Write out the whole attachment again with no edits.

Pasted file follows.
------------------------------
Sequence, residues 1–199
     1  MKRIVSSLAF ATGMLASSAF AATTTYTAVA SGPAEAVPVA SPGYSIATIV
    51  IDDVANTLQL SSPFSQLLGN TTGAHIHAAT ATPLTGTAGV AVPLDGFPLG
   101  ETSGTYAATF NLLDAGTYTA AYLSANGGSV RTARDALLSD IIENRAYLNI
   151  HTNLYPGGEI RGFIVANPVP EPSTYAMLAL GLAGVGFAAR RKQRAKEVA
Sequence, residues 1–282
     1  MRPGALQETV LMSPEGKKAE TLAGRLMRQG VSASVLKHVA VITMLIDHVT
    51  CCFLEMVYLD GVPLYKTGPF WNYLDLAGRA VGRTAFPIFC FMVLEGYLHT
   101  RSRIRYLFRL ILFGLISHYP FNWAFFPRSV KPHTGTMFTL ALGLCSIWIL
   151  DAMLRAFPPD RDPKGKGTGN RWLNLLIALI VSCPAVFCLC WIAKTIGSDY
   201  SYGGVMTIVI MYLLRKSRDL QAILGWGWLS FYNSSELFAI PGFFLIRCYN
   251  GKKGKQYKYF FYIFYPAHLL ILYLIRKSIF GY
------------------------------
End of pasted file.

Sequence, residues 1–199
     1  MKRIVSSLAF ATGMLASSAF AATTTYTAVA SGPAEAVPVA SPGYSIATIV
    51  IDDVANTLQL SSPFSQLLGN TTGAHIHAAT ATPLTGTAGV AVPLDGFPLG
   101  ETSGTYAATF NLLDAGTYTA AYLSANGGSV RTARDALLSD IIENRAYLNI
   151  HTNLYPGGEI RGFIVANPVP EPSTYAMLAL GLAGVGFAAR RKQRAKEVA
Sequence, residues 1–282
     1  MRPGALQETV LMSPEGKKAE TLAGRLMRQG VSASVLKHVA VITMLIDHVT
    51  CCFLEMVYLD GVPLYKTGPF WNYLDLAGRA VGRTAFPIFC FMVLEGYLHT
   101  RSRIRYLFRL ILFGLISHYP FNWAFFPRSV KPHTGTMFTL ALGLCSIWIL
   151  DAMLRAFPPD RDPKGKGTGN RWLNLLIALI VSCPAVFCLC WIAKTIGSDY
   201  SYGGVMTIVI MYLLRKSRDL QAILGWGWLS FYNSSELFAI PGFFLIRCYN
   251  GKKGKQYKYF FYIFYPAHLL ILYLIRKSIF GY